“It’s fitting that the New Zealand sheep industry recognises and rewards its top performers, and in doing so profiles the significant contribution it makes to the New Zealand economy,” says Beef + Lamb New Zealand (B+LNZ) chief executive, Dr Scott Champion.
“Productivity levels have improved dramatically over the past 20. Lambing percentages are 20 per cent higher than they were in 1995, and lamb carcase weights are up 28 per cent. . .
Former Parliamentary Commissioner for the Environment and current Chair of WWF-NZ Dr Morgan Williams was the guest speaker at a recent Community Catchment Management Workshop organised by NZ Landcare Trust in Murchison. The programme also included presentations from community farming representatives, who highlighted the benefits and successes of community involvement within projects in this region.
Dr Williams began by voicing his support for the work rural communities are doing in sustainable catchment management projects, before outlining his perspectives on broader global and national issues shaping agriculture. . .
The three major winners in the 2015 Auckland/Hauraki Dairy Industry Awards had all switched careers to dairy farming in recent years.
The 2015 Auckland/Hauraki Sharemilker/Equity Farmers of the Year, Evan and Jan Billington had been in the New Zealand Police and teaching until seven years ago, while the region’s Farm Manager of the Year, James Foote, had been a professional rugby player, and the 2015 Auckland/Hauraki Dairy Trainee of the Year, Royce King, was a plumber and gas fitter. . .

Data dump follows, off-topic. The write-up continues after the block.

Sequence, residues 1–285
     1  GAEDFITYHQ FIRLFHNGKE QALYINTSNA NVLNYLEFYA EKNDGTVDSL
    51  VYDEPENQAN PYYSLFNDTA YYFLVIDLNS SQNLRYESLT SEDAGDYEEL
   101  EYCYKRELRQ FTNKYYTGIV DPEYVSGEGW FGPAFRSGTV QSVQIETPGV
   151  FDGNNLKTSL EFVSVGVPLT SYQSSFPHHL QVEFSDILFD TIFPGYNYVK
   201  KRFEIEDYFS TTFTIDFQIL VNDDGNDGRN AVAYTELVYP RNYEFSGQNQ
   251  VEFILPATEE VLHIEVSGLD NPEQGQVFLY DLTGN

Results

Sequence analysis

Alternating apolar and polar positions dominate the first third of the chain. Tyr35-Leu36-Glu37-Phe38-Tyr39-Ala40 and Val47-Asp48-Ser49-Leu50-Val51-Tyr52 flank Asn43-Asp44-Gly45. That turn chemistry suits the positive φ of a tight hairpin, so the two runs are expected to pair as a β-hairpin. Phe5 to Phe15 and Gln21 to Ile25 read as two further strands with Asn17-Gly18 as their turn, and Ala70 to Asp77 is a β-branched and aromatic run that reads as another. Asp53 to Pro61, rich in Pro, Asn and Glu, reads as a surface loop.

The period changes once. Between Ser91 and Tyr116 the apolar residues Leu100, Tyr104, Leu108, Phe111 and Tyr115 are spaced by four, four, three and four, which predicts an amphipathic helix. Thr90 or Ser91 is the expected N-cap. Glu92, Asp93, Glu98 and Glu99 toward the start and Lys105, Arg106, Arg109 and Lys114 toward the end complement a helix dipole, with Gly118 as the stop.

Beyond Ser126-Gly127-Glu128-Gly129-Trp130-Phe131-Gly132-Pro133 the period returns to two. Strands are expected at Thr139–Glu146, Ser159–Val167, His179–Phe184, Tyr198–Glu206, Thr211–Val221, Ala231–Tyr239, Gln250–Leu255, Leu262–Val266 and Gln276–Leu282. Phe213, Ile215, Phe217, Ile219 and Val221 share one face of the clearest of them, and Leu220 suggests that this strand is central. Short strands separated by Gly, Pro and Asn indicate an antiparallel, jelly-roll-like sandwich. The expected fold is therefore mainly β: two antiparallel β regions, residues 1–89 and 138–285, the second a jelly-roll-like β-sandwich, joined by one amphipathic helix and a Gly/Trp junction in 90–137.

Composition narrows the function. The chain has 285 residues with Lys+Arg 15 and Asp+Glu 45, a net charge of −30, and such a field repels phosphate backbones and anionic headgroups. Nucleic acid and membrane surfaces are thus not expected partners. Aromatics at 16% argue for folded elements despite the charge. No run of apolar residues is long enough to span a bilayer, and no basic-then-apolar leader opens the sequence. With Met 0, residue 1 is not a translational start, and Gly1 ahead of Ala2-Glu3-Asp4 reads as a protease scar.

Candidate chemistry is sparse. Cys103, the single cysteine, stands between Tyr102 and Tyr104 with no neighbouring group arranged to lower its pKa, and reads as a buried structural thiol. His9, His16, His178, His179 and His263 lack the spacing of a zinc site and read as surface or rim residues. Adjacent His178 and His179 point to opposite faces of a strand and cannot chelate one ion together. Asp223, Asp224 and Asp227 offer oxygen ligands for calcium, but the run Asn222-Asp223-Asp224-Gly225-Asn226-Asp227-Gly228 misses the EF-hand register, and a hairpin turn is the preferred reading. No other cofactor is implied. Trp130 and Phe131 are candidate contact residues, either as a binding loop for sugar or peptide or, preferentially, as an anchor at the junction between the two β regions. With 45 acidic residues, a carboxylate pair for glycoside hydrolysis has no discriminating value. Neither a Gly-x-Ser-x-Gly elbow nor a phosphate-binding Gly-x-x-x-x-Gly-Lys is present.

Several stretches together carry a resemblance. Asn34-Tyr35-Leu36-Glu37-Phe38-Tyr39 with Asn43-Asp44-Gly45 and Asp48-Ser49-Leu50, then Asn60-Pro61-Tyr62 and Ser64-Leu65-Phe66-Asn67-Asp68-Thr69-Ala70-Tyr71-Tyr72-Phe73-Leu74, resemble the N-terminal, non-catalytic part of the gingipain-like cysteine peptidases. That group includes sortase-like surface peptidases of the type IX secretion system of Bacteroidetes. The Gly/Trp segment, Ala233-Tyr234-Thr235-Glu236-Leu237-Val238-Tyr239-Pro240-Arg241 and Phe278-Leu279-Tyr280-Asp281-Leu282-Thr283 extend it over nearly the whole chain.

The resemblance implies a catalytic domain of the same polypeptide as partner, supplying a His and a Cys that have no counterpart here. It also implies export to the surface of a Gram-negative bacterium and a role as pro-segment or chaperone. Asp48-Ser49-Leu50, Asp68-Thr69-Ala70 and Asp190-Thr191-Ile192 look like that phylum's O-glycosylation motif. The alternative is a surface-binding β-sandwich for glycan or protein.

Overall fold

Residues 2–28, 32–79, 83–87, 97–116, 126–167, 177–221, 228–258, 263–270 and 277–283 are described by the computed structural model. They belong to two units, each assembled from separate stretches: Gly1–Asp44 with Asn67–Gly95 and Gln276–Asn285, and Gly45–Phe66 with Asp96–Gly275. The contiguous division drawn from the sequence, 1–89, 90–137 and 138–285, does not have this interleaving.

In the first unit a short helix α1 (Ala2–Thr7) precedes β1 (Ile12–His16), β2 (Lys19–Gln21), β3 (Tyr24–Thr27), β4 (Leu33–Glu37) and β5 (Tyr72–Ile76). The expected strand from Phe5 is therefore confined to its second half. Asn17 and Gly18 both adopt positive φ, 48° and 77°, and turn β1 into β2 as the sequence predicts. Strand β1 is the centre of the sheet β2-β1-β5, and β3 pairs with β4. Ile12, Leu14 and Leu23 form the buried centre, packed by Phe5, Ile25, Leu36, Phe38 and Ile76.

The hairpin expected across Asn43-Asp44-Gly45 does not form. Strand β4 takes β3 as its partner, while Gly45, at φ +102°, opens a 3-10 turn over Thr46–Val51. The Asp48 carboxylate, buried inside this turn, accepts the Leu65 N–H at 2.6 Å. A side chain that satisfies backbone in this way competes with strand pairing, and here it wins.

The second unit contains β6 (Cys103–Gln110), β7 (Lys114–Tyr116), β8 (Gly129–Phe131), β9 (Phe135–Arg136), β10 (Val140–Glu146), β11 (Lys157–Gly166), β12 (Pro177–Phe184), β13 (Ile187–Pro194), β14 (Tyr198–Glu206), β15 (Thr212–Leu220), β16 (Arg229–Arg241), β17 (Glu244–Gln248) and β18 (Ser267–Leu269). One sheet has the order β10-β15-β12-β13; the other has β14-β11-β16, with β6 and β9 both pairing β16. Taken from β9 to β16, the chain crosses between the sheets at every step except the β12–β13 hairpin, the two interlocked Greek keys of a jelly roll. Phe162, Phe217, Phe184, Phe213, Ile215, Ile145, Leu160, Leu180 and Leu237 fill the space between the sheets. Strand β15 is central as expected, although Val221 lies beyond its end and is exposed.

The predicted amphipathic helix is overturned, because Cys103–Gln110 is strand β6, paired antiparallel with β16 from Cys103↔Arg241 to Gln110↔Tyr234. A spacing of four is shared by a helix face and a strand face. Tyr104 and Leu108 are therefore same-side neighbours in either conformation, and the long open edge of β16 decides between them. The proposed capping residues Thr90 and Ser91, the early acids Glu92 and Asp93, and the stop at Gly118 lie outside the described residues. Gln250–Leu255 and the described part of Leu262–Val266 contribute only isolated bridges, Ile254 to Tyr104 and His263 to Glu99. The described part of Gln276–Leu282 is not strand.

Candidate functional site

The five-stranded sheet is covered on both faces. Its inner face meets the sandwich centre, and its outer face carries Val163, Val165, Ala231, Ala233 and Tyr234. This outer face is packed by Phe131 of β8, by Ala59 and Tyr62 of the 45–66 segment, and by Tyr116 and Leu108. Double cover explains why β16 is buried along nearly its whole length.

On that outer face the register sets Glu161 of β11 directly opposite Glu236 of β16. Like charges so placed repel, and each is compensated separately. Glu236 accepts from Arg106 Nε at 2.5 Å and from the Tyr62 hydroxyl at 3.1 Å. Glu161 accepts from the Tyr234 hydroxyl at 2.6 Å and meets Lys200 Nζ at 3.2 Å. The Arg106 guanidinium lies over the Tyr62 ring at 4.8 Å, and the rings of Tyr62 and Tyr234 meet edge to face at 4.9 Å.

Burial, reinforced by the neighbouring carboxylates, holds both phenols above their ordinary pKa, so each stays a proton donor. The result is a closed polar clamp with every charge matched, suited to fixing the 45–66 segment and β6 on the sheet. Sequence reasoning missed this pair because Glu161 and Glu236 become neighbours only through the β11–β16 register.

The 2015 Waikato Sharemilker/Equity Farmer of the Year, Aaron Price, has it all – he’s a young, fit, professional, married man with a plan. He’s also persistent and great to have in the community.
Mr Price, aged 29 years, took out the major title at last night’s 2015 Waikato Dairy Industry Awards, with his win netting him $22,000 in prizes.
The other big winners at the region’s awards dinner held at the Claudelands Events Centre were Paul and Kate Manion, the 2015 Waikato Farm Managers of the Year, and Brett Steeghs, the Waikato Dairy Trainee of the Year. . .
Housing cows not the only way to increase production – Wayne McNee:
The recent visit by Professor Aalt Dijkhuizen, the president of Topsector Agri and Food in the Netherlands, raised some interested points about how New Zealand dairy farmers can learn from their Dutch counterparts.
But there was a flaw in his argument – profitability and efficiency did not seem to feature highly.
The two go hand in hand here. Profit is the ultimate goal for New Zealand dairy farmers, regardless of the system or technology utilised.
The best way to make a profit is by breeding animals that will efficiently, and repeatedly, convert feed into quality, high-value milk. . .
A new multi-disciplinary degree course taking food production beyond the farm gate and onto the world stage is experiencing 150 per cent growth in new enrolment numbers in only the second year it has been offered at Lincoln University.